If it comes from a major shareholder, or even a disruptive activist, the only option is to delegate ruthlessly, outsource anything that will go immediately wrong and schedule a few informal chemistry meetings with the better sort of head-hunter.

    If it’s sprung from a rival enterprise, the likelihood is that they’re hoping to force you into a position which they can exploit through a buy-out. In that case, the best thing to do is prepare a few distractions, line up some scapegoats and make clear, unchallenging overtures to their management. If your loyalties are in the right place you will be rewarded with, at the very least least, a few senior roles amongst their subsidiaries.

    That might sound like demotion, but as each subsidiary easily outweighs your whole current enterprise, it will provide better rewards and less scrutiny. Which is, if you’re honest with yourself, is what you were aiming for in the first place.

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    1. You seem to have argued against the questions and the case without actually discussing the case itself.

      Since it’s an allegory for the situation the UK faces, rather than a real business case then can we assumme you’re equally excoriating about the ridiculousness of the Brexit situation?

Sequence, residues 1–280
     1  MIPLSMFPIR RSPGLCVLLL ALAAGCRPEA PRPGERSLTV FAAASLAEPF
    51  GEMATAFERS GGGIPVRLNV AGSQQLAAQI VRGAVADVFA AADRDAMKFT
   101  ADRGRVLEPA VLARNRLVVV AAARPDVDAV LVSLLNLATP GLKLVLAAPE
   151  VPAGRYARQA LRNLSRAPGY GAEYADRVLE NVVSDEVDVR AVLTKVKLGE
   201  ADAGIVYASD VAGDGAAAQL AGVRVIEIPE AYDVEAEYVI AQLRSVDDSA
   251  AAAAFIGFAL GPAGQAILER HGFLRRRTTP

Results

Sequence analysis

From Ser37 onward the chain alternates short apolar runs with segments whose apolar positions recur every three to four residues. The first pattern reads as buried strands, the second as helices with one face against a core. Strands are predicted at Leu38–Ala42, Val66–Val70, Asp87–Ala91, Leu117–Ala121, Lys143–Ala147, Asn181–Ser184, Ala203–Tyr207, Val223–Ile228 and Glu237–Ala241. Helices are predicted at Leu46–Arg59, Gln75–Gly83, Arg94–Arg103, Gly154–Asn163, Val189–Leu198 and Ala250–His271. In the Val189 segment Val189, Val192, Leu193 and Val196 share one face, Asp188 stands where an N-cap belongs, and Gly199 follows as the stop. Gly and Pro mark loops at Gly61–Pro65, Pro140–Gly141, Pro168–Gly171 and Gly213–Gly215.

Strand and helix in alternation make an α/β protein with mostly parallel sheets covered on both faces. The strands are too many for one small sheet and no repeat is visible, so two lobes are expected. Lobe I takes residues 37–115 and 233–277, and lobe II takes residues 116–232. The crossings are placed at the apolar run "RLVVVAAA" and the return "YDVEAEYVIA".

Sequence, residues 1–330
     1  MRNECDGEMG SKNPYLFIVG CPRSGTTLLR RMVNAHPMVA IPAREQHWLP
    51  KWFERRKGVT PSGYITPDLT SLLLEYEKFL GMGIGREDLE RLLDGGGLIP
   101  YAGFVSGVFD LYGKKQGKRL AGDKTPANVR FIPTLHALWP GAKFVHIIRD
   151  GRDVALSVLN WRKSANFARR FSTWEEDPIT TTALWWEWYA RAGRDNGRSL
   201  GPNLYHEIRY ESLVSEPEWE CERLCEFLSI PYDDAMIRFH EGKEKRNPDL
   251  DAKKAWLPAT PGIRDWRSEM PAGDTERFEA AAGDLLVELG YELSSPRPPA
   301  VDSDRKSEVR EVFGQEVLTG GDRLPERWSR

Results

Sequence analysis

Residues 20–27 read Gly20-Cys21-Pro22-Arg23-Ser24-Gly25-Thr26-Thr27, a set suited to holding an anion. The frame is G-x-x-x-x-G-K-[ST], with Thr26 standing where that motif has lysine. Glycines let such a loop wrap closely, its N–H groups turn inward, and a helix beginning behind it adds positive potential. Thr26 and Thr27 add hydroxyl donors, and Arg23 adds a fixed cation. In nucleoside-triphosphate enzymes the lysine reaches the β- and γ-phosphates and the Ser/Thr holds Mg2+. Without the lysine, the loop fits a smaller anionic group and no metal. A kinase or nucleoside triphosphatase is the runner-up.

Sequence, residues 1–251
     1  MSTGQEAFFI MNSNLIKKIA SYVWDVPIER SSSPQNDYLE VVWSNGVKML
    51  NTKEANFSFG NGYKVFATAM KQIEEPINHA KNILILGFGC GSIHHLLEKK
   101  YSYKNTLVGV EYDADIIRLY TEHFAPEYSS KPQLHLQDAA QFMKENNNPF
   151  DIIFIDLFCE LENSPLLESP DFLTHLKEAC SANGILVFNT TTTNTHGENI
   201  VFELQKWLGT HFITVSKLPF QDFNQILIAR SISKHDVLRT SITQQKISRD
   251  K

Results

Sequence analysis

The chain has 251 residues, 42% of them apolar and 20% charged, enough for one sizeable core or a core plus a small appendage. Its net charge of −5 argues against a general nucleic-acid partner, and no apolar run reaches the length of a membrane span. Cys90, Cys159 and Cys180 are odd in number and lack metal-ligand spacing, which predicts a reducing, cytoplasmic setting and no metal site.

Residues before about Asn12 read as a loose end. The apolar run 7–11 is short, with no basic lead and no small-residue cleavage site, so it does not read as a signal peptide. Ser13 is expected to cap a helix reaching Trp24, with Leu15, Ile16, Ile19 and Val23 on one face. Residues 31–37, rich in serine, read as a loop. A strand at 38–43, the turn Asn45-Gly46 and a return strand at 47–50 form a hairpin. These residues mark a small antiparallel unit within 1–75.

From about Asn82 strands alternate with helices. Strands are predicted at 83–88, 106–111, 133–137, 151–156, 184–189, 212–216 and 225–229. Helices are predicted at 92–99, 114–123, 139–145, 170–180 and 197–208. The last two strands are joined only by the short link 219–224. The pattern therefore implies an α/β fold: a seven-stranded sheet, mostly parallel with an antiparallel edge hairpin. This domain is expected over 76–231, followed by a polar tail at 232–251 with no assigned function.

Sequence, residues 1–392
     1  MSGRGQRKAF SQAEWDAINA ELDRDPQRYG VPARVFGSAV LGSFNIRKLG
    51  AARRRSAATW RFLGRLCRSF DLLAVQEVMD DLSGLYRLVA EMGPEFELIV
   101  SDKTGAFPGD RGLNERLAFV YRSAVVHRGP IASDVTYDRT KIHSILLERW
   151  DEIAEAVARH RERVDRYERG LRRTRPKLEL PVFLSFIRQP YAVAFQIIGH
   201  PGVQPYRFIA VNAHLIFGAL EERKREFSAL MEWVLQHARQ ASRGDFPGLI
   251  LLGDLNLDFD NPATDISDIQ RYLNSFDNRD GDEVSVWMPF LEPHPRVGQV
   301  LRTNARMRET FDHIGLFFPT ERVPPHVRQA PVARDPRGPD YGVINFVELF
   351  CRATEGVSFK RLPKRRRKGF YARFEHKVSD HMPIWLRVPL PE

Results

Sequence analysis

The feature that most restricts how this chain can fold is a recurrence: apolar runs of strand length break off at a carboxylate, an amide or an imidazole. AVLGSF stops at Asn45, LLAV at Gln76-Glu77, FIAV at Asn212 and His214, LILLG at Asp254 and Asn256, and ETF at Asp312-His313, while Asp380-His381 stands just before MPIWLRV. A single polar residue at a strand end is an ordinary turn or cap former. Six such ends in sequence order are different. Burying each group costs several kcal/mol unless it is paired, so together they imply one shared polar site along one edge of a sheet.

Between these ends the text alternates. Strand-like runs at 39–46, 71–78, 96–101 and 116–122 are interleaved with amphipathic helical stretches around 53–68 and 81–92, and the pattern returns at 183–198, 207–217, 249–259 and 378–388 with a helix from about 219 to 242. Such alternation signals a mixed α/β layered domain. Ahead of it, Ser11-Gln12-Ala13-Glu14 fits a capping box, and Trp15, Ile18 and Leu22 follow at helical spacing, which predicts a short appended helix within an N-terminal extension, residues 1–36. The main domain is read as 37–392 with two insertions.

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      1. No. Although I find the Brexit charades amusing, I don’t find Brexit itself very funny. That’s because I don’t for a moment believe Brexit has come about simply because the grumbling rump of the Referendum Party twitched into sufficient life to scare the Tories. There must be more to it than that, and the revelations from Carole Cadwalladr et. al, about the shadowy webs of vested interests and ‘dark money’ behind the vote suggest that Brexit goes much further than the spivvish bluster about ‘taking back control’ of things we’ve control over already.

        The trouble is we don’t know why Brexit is happening. All we know is that traditionally opposing parties are, for no obvious or justifiable reasons, both dead set on going through with it, ostensibly because a slender majority of an ill-informed electorate said so in an advisory referendum. That doesn’t seem plausible to me. But, as I tried to suggest, until we know the motives, we can’t see what the motives really are, or who and what we’re defending against.

        I can think, off the top of my tinfoil hat, of several possibilities. We know there are vast amounts of corporate and personal capital doing nothing but waiting for opportunities, so perhaps the vulture funds have got ambitious enough to tuck into a nation. Perhaps Qatar wants to cut Norway out of the UK gas market to gain leverage with an influential friend over it’s jostling neighbours. Perhaps China wants a strategically-placed dumping ground for its goods and produce. Perhaps there’s a grain of truth in one or more of these. Perhaps there isn’t. But whichever way I look at it, Brexit looks nothing like a brainchild. It looks far more like a merger or acquisition.